Rwanda woman jailed in US for lying about genocide role

Beatrice Munyenyezi leaves the Federal Court in Concord, NH 12 April 2012 Beatrice Munyenyezi has refused interviews and did not testify at her sentencing hearing

A woman who lied about her role in Rwanda's genocide to gain refugee status in the US has been sentenced to 10 years in jail.

Beatrice Munyenyezi, 43, who has been in the US since 1998, once commanded a roadblock where victims were picked to be murdered, prosecutors said.

She was convicted in February of lying to federal authorities.

After she serves her US sentence, Munyenyezi will be deported to Rwanda where genocide charges could await her.

An estimated 800,000 people, mostly from the minority Tutsi ethnic group, were killed in Rwanda in 1994.

Munyenyezi is said to be the first person to be convicted in the US over the genocide.

She wept as she was sentenced on Monday in Concord, New Hampshire, to the maximum term possible.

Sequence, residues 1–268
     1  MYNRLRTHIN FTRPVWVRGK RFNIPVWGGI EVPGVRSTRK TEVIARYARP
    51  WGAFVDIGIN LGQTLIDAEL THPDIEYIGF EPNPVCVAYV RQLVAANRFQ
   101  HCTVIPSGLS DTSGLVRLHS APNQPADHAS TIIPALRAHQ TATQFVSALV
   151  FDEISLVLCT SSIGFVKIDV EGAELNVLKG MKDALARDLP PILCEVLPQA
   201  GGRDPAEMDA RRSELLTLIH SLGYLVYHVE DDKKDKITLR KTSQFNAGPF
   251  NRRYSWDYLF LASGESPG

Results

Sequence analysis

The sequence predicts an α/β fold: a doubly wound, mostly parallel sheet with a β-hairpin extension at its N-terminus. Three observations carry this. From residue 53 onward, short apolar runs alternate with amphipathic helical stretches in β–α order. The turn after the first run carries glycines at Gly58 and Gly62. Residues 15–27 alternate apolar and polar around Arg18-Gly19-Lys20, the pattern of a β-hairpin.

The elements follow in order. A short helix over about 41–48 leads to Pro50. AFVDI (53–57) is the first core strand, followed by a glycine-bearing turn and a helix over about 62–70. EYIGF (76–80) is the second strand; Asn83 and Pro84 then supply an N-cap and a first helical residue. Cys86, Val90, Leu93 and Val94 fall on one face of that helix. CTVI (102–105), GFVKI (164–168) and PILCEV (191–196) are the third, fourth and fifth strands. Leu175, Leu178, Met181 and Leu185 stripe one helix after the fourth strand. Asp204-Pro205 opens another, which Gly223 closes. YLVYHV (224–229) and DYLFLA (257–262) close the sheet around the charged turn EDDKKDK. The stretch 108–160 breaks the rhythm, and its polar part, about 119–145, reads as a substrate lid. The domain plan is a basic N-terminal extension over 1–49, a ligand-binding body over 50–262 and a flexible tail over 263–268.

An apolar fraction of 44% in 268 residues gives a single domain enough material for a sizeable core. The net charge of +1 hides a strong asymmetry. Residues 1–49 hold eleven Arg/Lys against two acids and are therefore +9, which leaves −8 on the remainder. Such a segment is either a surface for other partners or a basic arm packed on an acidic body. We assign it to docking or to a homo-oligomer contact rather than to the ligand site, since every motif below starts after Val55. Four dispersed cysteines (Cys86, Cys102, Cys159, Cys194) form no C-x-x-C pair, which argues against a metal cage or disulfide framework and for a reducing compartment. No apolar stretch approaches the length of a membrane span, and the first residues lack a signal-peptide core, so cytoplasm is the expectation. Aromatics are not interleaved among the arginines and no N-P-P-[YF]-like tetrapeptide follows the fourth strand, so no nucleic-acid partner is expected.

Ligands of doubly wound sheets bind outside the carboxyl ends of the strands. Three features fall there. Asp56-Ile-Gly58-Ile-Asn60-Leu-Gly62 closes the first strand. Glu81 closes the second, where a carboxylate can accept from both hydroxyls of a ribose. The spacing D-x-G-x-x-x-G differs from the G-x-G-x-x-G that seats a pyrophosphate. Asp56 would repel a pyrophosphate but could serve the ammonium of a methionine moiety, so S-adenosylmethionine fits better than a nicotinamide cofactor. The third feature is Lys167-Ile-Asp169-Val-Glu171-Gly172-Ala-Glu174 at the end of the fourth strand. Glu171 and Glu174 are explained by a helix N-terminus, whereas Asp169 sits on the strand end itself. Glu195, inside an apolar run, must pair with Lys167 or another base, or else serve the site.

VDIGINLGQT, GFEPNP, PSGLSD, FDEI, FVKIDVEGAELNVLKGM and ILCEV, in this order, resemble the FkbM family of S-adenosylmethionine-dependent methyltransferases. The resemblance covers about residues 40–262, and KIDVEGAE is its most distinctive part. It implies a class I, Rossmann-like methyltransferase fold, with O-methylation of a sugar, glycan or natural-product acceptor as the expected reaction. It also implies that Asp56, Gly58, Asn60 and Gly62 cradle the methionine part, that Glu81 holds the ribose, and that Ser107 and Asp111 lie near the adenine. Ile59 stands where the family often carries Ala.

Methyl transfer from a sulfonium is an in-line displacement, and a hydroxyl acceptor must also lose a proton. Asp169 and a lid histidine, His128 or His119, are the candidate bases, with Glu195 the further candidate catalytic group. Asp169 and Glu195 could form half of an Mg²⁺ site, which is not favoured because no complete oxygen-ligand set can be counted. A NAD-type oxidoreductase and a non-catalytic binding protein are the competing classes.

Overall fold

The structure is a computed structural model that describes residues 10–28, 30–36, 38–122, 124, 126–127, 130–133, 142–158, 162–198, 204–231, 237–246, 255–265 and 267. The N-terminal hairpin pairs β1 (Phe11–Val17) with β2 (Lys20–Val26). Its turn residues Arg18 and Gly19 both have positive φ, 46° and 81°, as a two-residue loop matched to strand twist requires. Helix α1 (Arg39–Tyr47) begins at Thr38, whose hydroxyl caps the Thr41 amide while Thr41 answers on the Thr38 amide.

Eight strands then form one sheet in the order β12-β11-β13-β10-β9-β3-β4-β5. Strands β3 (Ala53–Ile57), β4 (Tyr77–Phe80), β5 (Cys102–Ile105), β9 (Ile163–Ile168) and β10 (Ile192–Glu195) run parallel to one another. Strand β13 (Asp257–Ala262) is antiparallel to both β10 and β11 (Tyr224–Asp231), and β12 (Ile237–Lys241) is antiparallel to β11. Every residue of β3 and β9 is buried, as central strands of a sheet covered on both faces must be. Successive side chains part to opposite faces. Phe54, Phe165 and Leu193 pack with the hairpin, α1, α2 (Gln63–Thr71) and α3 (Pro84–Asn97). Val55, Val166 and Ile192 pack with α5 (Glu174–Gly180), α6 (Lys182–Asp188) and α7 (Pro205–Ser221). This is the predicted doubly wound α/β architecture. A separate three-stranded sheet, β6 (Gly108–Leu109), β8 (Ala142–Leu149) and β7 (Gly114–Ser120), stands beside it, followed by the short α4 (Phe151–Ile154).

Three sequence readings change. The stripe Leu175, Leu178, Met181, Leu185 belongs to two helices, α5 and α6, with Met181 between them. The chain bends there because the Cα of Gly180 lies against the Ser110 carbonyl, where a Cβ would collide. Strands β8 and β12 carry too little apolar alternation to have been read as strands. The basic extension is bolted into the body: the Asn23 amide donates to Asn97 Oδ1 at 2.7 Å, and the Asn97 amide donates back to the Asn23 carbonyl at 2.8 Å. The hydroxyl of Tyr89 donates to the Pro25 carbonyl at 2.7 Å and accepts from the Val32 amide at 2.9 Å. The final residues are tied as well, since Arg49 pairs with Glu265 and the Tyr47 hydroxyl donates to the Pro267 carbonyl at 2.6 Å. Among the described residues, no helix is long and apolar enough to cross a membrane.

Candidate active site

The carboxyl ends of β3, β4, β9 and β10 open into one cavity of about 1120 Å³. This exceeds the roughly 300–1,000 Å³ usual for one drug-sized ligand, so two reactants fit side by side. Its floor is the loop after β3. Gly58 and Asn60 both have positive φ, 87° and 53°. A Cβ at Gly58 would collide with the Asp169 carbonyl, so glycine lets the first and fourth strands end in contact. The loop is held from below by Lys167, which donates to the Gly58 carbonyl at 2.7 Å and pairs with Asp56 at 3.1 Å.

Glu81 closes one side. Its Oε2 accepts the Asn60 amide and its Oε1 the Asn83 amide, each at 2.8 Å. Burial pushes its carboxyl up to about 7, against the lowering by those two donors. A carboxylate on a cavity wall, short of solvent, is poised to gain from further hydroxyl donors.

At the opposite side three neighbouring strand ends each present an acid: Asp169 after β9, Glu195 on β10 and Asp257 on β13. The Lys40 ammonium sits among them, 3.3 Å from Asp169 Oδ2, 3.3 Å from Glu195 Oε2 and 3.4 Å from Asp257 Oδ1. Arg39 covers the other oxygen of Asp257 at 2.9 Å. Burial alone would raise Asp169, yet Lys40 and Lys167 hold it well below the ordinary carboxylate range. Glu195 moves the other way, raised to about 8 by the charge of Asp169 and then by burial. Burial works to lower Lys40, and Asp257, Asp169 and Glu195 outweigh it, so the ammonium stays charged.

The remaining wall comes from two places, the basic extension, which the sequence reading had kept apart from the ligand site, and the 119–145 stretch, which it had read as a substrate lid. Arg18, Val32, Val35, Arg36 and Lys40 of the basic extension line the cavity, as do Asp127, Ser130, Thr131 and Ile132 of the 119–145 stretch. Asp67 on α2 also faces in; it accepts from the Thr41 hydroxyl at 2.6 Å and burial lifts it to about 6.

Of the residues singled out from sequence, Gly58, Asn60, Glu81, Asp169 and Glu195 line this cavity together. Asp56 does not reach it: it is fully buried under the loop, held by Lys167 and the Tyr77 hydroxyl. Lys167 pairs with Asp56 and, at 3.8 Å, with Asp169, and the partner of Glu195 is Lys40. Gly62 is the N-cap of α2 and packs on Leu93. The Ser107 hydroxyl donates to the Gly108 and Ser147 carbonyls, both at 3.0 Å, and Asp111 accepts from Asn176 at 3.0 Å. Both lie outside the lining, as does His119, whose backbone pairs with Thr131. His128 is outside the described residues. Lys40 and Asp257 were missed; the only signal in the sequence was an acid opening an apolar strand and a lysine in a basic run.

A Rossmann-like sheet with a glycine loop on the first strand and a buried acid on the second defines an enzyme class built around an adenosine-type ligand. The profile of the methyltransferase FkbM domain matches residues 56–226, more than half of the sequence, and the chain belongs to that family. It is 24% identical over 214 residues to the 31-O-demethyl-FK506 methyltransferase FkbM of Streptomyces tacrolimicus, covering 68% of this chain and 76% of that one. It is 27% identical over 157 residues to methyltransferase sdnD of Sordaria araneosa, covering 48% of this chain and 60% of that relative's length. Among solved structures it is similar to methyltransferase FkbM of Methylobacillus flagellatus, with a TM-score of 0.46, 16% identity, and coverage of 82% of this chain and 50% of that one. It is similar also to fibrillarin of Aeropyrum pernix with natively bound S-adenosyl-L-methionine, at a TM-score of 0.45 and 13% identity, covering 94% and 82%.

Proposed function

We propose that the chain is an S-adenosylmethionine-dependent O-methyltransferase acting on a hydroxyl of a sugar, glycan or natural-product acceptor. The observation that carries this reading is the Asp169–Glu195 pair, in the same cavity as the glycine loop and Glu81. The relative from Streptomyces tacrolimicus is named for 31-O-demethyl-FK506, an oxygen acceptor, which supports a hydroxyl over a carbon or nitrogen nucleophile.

During the hearing, Judge Stephen McAuliffe said Munyenyezi had "stolen the highly prized status of US citizenship".

As the genocide was ending in July 1994, she fled to Kenya, where she gave birth to twins.

She later entered the US as a refugee and settled in the north-eastern state of New Hampshire with the aid of relief agencies.

She attended university and worked in a city government office.

But witnesses said that she had been a commander of a roadblock in the southern Rwandan city of Butare, where Tutsis were singled out to be killed.

Defence lawyers plan to appeal Munyenyezi's conviction.

Her husband, Arsene Shalom Ntahobali, and his mother are both serving life sentences in Rwanda, where they were convicted of genocide charges.

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